RedsManRick
07-27-2010, 03:36 PM
Thanks for clearing that up, GL.

Jojo, Kentucky Tuna please. Asian Carp sounds so foreign to our sensitive American ears.

We should be very clear that while sabermetricians may have valued defense at just 5% at one point in time, the same people would likely have placed the value of the influence of a player's leadership ability and character on others (what we really mean when we say "intangibles") at much less than that.

Bottom line, however, is that we're not thinking about "intangibles" right if we try to put it as part of that 100% formula of runs. It doesn't belong in that conversation -- it's not part of the model. That 100% is about measuring the contribution of on field actions to the production and prevention of runs -- the direct contributions.

The logic model loosely looks like this:
Beliefs & Attitudes -> Off field preparation (+ talent) -> On field performance

"Intangibles" as we use the term is a players influence on the beliefs & attitudes of others (the value of his own beliefs & attitudes shows up in his own performance and so he's already getting credit). The theory being that as they improve other players beliefs and attitudes, those players will improve their off-field preparation which will result in greater on-field performance.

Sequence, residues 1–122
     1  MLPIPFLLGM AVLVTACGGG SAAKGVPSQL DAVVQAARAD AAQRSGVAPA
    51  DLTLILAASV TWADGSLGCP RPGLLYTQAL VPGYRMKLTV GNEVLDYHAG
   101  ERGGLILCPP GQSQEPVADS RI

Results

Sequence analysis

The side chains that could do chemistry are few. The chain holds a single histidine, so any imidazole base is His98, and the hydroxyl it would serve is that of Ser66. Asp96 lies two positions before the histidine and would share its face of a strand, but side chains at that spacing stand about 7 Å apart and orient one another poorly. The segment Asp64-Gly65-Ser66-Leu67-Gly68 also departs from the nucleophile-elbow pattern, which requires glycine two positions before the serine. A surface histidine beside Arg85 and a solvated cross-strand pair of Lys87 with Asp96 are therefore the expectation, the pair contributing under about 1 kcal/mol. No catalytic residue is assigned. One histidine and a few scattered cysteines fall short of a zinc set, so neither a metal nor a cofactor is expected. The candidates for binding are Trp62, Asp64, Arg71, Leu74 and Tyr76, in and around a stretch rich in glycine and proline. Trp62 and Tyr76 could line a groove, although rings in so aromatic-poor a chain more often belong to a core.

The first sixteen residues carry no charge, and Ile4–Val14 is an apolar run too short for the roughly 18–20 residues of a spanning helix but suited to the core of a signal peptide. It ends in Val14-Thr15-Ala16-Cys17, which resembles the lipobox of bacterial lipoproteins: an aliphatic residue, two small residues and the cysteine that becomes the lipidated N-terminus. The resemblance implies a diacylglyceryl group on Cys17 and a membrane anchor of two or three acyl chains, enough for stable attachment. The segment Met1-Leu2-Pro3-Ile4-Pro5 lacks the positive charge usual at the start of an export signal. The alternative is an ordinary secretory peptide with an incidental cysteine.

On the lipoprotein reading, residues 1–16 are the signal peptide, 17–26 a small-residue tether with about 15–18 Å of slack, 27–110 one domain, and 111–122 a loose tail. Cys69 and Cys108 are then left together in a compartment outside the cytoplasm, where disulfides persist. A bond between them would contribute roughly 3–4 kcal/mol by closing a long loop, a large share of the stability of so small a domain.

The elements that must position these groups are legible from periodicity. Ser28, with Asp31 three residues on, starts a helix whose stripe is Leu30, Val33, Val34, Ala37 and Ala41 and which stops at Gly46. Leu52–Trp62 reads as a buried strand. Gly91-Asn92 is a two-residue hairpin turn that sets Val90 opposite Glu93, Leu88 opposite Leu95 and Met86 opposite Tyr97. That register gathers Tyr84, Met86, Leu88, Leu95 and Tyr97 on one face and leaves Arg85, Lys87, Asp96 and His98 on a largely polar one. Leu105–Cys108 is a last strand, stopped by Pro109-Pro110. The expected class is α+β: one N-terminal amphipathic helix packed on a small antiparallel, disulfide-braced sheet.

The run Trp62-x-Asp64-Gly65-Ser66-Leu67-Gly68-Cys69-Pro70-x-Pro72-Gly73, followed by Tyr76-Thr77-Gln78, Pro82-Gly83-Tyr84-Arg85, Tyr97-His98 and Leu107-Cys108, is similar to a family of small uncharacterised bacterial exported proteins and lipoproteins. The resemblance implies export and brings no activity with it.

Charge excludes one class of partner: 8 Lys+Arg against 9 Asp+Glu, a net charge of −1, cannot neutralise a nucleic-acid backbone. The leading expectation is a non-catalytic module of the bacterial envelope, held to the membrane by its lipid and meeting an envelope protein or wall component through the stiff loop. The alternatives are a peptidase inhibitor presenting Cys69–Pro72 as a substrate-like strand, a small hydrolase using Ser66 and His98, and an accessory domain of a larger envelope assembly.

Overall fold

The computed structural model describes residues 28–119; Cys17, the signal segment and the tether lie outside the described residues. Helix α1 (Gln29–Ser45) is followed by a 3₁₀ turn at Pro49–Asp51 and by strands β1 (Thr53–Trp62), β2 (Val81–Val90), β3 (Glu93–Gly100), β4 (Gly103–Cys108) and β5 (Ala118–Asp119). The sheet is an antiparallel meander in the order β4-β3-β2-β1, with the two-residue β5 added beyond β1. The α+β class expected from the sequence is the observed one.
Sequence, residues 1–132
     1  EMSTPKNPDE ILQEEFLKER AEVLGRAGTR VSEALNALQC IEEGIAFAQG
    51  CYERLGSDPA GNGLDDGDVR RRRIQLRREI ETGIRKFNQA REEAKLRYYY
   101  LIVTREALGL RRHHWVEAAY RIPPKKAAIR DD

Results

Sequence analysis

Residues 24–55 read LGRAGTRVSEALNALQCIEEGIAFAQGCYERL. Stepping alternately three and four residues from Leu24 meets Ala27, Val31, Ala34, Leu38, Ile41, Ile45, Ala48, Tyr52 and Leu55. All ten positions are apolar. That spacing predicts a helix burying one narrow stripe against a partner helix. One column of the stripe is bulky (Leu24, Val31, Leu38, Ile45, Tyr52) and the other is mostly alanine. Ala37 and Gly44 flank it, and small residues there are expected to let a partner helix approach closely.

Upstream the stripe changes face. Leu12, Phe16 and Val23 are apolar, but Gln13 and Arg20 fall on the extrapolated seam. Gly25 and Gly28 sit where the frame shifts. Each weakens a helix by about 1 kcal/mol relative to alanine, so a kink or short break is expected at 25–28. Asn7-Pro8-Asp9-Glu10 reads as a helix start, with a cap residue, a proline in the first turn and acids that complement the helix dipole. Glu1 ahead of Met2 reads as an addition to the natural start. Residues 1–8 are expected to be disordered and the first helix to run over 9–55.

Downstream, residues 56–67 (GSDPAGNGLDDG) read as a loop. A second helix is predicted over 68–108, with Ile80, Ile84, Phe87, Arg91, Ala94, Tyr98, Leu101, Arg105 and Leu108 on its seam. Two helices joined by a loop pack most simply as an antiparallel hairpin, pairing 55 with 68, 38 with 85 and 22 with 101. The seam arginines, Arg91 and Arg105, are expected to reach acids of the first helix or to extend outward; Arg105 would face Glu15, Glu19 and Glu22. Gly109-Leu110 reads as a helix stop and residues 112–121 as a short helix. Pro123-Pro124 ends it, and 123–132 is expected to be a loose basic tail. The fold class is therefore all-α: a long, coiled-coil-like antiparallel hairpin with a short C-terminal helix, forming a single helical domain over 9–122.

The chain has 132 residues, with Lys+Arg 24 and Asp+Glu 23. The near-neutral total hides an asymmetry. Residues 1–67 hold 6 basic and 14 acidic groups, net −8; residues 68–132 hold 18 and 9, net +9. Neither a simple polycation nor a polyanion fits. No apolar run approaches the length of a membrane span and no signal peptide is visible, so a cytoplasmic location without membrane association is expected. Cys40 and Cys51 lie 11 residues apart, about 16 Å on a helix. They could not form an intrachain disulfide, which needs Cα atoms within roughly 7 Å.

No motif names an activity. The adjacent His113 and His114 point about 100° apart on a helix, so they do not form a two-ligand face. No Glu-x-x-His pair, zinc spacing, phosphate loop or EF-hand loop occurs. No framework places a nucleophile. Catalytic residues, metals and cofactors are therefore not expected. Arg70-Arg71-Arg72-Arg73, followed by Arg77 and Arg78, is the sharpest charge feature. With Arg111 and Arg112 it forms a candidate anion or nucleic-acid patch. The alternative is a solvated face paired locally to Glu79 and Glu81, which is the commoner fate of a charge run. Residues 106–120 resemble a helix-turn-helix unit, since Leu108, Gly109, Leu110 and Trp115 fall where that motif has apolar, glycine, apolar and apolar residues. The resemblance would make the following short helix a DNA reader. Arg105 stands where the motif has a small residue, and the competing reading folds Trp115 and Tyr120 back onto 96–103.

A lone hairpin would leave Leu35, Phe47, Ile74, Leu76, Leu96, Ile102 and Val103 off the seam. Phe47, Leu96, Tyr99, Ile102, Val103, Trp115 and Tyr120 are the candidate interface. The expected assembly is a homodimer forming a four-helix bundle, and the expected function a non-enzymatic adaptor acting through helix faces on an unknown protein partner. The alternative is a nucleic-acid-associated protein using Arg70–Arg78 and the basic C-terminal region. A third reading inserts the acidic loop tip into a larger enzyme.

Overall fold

Believe it or not, I don't doubt that "intangibles" matter. However, they don't belong in the conversation about run production and prevention. If you want to measure them, you need to be measuring them in the right context, as one of the many contributors to beliefs and attitudes.

lollipopcurve
07-27-2010, 03:56 PM
Bottom line, however, is that we're not thinking about "intangibles" right if we try to put it as part of that 100% formula of runs. It doesn't belong in that conversation -- it's not part of the model. That 100% is about measuring the contribution of on field actions to the production and prevention of runs -- the direct contributions.